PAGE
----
For over two hundred years the battle of the divided Churches, the Eastern and the Western, to settle this point of "Spirit-delivery" continued in full blast, undermining the forces and the power of the Empire and demoralizing it in its dealings with foreign countries. This state of dispute continued to the year 1038, when every connection and relation between the two (Mother and Daughter) Churches was entirely cut off.
The Byzantine Empire again began to lose ground. The capital, as the economic center of the Empire, began to feel the attacks of the heterodox West and onslaughts of the Turks. The latter seized many countries which were left unprotected by the Empire, enslaved their inhabitants, and forced them to accept Mohammedanism. And by this time the whole of Thrace, Macedonia, Sterea, Peloponnesus, and the islands had become the prey of the Latins, the Venetians, and the Franks.6
The Empire at this time resembled a pilotless boat in turbulent waters, driven hither and thither by the furious waves. In this predicament the emperors known as Paleologh, sprang up and took hold of the Church-sick.
Empire from 1204 to 1453 these last emperors kept the Empire alive but not in flourishing condition. Many of the old wounds were healed, and Turkish invasions were frustrated, but the soul and the body of the Empire were sick with too much Church and too little organization. The ferocious Turk had gained ground, for throughout this period experience had taught him to be well organized, and he was impelled to fall upon his enemies by his zeal for spreading his religious doctrine. That the Byzantines were not match for the Turk is revealed by this comparison:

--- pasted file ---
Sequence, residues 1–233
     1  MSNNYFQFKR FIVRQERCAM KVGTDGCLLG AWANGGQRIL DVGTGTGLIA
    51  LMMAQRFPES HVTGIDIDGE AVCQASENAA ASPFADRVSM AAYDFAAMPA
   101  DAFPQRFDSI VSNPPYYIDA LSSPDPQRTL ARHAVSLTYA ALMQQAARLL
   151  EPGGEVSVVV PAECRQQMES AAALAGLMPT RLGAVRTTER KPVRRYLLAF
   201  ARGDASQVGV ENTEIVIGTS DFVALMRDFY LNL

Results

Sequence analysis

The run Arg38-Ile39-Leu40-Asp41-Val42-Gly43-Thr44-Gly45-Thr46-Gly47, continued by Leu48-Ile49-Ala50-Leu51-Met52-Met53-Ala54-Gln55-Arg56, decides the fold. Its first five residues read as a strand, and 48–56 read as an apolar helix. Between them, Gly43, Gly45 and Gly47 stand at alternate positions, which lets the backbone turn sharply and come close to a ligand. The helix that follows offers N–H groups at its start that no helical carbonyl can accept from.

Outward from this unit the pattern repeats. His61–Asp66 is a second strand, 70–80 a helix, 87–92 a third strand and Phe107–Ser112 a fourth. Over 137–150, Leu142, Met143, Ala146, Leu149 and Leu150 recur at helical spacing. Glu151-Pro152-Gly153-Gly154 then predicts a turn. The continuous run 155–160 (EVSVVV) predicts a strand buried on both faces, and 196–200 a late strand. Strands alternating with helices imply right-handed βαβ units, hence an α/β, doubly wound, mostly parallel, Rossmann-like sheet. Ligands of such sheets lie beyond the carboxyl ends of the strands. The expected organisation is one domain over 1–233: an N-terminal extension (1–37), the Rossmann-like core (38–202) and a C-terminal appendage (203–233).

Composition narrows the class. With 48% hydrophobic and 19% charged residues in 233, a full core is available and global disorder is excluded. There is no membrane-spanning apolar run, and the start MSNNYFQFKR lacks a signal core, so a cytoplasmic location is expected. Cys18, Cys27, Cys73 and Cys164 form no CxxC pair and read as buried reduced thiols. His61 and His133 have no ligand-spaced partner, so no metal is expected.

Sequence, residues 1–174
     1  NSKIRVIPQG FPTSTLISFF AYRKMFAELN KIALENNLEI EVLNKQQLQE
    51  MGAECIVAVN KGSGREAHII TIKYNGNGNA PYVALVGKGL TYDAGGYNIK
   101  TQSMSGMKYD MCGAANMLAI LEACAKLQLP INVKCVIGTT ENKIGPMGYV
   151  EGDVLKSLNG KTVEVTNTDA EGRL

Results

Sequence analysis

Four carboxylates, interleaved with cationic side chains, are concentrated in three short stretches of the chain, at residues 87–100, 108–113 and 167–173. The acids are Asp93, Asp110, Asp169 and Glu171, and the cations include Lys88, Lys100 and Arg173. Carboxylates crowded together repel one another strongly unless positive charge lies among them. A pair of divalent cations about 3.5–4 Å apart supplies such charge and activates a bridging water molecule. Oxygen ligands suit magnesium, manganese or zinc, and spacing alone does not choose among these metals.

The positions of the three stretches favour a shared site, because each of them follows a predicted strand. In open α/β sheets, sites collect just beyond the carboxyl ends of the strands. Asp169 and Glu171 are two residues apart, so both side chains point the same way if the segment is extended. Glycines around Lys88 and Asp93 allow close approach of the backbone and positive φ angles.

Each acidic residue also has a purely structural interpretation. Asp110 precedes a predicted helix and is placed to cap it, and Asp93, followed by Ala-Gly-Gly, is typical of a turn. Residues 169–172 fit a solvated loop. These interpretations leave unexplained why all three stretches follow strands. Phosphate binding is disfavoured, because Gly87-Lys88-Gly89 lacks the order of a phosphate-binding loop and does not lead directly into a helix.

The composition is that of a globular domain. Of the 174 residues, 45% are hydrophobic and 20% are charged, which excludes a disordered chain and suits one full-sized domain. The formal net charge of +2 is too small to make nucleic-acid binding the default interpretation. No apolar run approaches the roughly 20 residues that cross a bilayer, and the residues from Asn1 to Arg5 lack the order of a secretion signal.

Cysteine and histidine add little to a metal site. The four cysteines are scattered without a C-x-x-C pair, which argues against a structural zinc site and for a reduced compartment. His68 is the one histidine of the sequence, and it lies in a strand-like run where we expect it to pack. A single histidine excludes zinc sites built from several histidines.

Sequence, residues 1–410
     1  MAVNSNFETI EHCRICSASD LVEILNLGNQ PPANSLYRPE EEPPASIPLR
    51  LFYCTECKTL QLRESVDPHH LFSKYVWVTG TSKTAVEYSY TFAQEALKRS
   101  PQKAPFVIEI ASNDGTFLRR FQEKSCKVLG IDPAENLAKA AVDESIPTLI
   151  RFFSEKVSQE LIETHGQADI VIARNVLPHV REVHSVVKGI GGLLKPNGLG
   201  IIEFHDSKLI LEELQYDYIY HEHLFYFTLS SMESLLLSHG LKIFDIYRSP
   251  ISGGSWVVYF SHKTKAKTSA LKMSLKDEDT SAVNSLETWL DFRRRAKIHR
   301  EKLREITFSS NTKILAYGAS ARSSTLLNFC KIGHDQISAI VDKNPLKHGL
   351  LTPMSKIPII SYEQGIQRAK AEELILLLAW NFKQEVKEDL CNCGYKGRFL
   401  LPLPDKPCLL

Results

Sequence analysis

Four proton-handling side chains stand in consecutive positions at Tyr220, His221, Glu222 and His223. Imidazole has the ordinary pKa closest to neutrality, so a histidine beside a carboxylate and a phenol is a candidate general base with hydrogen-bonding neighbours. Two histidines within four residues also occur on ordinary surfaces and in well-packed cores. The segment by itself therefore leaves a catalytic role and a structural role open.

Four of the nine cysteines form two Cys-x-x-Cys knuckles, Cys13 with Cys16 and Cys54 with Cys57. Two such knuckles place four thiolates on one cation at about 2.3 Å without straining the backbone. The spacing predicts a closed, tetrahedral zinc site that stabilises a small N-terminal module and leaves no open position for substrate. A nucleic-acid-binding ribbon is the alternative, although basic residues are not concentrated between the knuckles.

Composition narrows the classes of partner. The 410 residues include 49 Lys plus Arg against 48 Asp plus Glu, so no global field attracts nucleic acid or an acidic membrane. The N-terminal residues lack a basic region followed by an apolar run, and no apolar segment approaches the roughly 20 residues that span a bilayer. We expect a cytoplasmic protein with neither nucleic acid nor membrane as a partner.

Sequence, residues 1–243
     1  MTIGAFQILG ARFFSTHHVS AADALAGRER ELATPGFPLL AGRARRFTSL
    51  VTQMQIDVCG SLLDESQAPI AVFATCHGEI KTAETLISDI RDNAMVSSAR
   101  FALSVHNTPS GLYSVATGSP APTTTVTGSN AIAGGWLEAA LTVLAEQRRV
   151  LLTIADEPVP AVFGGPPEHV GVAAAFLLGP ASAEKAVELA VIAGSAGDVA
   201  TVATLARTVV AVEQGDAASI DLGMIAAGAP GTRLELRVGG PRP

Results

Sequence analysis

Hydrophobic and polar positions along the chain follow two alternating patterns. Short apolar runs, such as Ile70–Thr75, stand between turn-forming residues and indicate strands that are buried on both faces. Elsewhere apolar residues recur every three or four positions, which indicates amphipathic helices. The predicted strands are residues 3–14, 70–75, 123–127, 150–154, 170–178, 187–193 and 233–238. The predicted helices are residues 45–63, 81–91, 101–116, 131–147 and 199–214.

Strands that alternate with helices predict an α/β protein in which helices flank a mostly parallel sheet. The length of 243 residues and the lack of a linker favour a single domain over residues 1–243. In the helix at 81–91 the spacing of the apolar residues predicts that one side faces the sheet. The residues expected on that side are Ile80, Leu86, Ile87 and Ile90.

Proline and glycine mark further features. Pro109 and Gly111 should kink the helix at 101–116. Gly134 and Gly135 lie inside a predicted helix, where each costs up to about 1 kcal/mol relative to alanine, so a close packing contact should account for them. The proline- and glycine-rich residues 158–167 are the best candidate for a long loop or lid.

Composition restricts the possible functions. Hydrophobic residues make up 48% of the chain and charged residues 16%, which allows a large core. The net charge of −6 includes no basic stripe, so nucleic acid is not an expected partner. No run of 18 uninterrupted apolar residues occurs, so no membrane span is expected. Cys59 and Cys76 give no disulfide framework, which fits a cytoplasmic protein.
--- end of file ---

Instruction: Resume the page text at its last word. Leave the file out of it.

"The Turk was distinguished for his devotion to his country and his readiness to die in its defense, whereas the Byzantine was devoted to his Icons and left the defense of his country in the hands of the archangels.7
O foolish emperors of Byzantium! Why did you not utilize your Greek education and enlightenment? Your wise progenitors used to say, Syn Athena Kai Cheira Kinei-'When Athena helps, withhold not your hand. God helps those who help themselves."
Thus the defense of the city was left in the hands of divine entities and on May 29, 1453, Constantinople fell, as later fell the all Greece, into the hands of those who did not play with church, archangels, Holy Trinity, and speculations on "how the Holy Spirit is delivered."Nations are really nations when enthusiasm and devotion are felt by all the people equally, and the capital does not monopolize things which all the whole nation ought to share. Constantinople was stormed by barbarian hordes, and neither Sterea nor Peloponnesus knew anything about it.
"O foolish and over-churched emperors ! The world knows of your religious blindness. The world is shocked by your neglect to defent the safety of that huge Empire. Were those 10,000 soldiers of yours enough to fight Mahomet's horde 200,000? Why were not the other Greek nation's notified to come to the rescue of the capital?8
Your Icons and your archangels brought about the fall of the city, but the Byzantine Empire, which was everywhere, could not have been subdued by the Turks if the organization of the army had been extended into every part of this huge domain. The political organization was neglected for the benefit of the ecclesiastical organization, and thus the great Greek race went into oblivion. "O foolish Emperor Paleologos! No one disputes your bravery in dying sword in hand fighting the infidel, but emperors serve their empires best not by fighting side by side with the army but by ruling wisely. Emperors are supposed to use their brains, not their swords. The emperor is neither a soldier nor a warrior; he is the governing head.